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Is the Global Warming Bubble About to Burst?
Volume 6, Number 37: 10 September 2003

In a recent discussion published in the Russian journal Geomagnetizm i Aeronomiya (Vol. 43, pp. 132-135), two scientists from the Institute of Solar-Terrestrial Physics of the Siberian Division of the Russian Academy of Sciences challenge the politically-correct global warming dogma that vexes the entire world. Bashkirtsev and Mashnich (2003) say that "a number of publications report that the anthropogenic impact on the Earth's climate is an obvious and proven fact," when in actuality, in their opinion, "none of the investigations dealing with the anthropogenic impact on climate convincingly argues for such an impact."

In the way of contrary evidence, they begin by citing the work of Friis-Christensen and Lassen (1991), who first noted the close relationship (r = -0.95) between the length of the sunspot cycle and the surface air temperature of the Northern Hemisphere over the period 1861-1989, where "warming and cooling corresponded to short (~10 yr) and prolonged (~11.5 yr) solar cycles, respectively." They then cite the work of Zherebtsov and Kovalenko (2000), who they say established a high correlation (r = 0.97) between "the average power of the solar activity cycle and the surface air temperature in the Baikal region averaged over the solar cycle." These two findings, they contend, "leave little room for the anthropogenic impact on the Earth's climate." In addition, they note that "solar variations naturally explain global cooling observed in 1950-1970, which cannot be understood from the standpoint of the greenhouse effect, since CO2 was intensely released into the atmosphere in this period," citing in support of this statement the work of Dergachev and Raspopov (2000).

With respect to original work, Bashkirtsev and Mashnich conducted wavelet-spectra and correlation analyses of Irkutsk and world air temperatures and Wolf number data for the period 1882-2000, finding periodicities of 22 (Hale cycle) and 52 (Fritz cycle) years and reporting that "the temperature response of the air lags behind the sunspot cycles by approximately 3 years in Irkutsk and by 2 years over the entire globe."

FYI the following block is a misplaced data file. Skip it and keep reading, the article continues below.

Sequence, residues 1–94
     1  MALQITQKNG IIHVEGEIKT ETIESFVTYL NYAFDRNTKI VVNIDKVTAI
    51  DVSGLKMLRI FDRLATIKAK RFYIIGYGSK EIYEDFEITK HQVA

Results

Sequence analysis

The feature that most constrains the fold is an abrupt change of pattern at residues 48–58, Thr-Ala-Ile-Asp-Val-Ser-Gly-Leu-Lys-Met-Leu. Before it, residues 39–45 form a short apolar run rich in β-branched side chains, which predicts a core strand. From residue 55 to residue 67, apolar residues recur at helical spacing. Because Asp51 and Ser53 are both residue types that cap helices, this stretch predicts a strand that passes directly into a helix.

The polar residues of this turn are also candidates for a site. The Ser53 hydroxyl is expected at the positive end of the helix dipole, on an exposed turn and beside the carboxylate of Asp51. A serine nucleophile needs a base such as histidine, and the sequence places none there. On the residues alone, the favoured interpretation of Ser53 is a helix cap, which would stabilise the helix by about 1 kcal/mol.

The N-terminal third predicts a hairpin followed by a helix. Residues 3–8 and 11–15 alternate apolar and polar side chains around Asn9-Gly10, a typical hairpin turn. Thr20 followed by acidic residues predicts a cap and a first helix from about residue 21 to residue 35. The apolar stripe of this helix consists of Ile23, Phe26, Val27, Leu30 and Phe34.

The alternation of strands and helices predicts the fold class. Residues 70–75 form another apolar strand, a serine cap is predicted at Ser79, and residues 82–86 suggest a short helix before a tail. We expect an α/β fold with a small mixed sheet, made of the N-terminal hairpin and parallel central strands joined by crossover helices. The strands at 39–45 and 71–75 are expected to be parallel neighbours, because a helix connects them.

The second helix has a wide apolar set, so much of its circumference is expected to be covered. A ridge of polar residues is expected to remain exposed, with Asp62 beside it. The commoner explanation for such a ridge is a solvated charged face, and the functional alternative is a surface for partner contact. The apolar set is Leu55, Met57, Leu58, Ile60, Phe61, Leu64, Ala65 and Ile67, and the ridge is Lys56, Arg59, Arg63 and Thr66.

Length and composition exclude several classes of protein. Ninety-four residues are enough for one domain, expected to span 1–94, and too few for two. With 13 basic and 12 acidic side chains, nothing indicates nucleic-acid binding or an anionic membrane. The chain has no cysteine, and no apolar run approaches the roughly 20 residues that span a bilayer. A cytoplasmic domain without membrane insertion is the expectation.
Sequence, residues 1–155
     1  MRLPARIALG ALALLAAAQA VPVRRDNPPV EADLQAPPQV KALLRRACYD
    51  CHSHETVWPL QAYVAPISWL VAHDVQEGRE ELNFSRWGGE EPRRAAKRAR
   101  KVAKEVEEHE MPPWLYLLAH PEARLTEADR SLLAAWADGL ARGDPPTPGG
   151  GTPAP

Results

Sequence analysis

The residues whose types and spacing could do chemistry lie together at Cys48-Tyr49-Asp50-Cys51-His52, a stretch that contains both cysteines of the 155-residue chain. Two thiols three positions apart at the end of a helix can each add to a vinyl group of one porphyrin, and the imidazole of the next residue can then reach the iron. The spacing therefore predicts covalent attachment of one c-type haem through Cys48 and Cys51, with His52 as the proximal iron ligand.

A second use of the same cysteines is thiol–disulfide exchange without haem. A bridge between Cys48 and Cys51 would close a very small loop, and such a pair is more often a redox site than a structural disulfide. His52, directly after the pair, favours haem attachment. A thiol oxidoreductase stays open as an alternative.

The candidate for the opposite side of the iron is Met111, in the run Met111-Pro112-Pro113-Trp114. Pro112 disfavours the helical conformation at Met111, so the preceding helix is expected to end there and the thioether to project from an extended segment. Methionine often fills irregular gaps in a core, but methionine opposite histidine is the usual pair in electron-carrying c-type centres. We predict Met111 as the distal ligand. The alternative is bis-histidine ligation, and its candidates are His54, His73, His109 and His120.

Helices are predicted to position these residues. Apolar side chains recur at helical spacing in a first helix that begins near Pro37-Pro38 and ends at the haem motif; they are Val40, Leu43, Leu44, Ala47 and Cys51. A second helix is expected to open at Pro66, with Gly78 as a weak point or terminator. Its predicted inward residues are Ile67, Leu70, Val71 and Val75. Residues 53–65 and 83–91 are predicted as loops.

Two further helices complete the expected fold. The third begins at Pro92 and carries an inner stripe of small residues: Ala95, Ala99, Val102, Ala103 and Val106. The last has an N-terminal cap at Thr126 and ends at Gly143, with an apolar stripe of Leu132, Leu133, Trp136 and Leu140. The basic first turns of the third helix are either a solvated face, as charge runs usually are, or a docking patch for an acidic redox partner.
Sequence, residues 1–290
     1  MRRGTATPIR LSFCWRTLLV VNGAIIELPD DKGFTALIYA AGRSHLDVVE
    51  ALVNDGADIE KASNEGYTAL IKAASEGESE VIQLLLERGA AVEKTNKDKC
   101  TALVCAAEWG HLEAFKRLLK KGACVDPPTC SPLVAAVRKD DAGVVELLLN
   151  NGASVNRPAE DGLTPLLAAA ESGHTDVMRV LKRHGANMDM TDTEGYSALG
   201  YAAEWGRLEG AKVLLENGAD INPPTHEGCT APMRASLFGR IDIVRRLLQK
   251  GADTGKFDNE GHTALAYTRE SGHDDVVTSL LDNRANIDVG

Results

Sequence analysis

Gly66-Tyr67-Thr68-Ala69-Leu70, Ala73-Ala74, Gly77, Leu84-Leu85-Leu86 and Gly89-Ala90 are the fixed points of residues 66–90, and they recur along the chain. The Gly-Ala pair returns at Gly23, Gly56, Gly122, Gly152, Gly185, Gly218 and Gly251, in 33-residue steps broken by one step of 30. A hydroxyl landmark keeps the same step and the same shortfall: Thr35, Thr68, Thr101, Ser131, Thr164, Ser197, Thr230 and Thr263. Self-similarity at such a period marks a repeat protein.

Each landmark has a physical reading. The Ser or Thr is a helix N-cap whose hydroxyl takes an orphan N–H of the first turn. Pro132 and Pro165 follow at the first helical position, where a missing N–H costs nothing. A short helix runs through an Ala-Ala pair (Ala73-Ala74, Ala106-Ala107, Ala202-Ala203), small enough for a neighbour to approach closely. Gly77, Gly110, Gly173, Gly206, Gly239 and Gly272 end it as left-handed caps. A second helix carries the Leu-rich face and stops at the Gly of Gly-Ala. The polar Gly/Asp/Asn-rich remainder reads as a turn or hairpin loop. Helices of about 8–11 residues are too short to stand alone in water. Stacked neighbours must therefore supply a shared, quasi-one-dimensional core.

Noting that one could thus expect the upper envelope of sunspot cycles to reproduce the global temperature trend, they created such a plot and found that such is indeed the case. As they describe their results, "the lowest temperatures in the early 1900s correspond to the lowest solar activity (weak cycle 14), the further temperature rise follows the increase in solar activity; the decrease in solar activity in cycle 20 is accompanied by the temperature fall [from 1950-1970], and the subsequent growth of solar activity in cycles 21 and 22 entails the temperature rise [of the last quarter century]."

With respect to the future, Bashkirtsev and Mashnich say "it has become clear that the current sunspot cycle (cycle 23) is weaker than the preceding cycles (21 and 22)," and that "solar activity during the subsequent cycles (24 and 25) will be, as expected, even lower," noting that "according to Chistyakov (1996, 2000), the minimum of the secular cycle of solar activity will fall on cycle 25 (2021-2026), which will result in the minimum global temperature of the surface air (according to our prediction)."

Are there any indications the prediction of Bashkirtsev and Mashnich will prove correct? They themselves say "the available data of observations support our inference about the cooling that has already started [our italics]," noting that "the average annual air temperature in Irkutsk, which correlates well with the average annual global temperature of the surface air, attained in 1997 its maximum equal to +2.3C" and then "began to diminish to +1.2C in 1998, +0.7C in 1999, and +0.4C in 2000."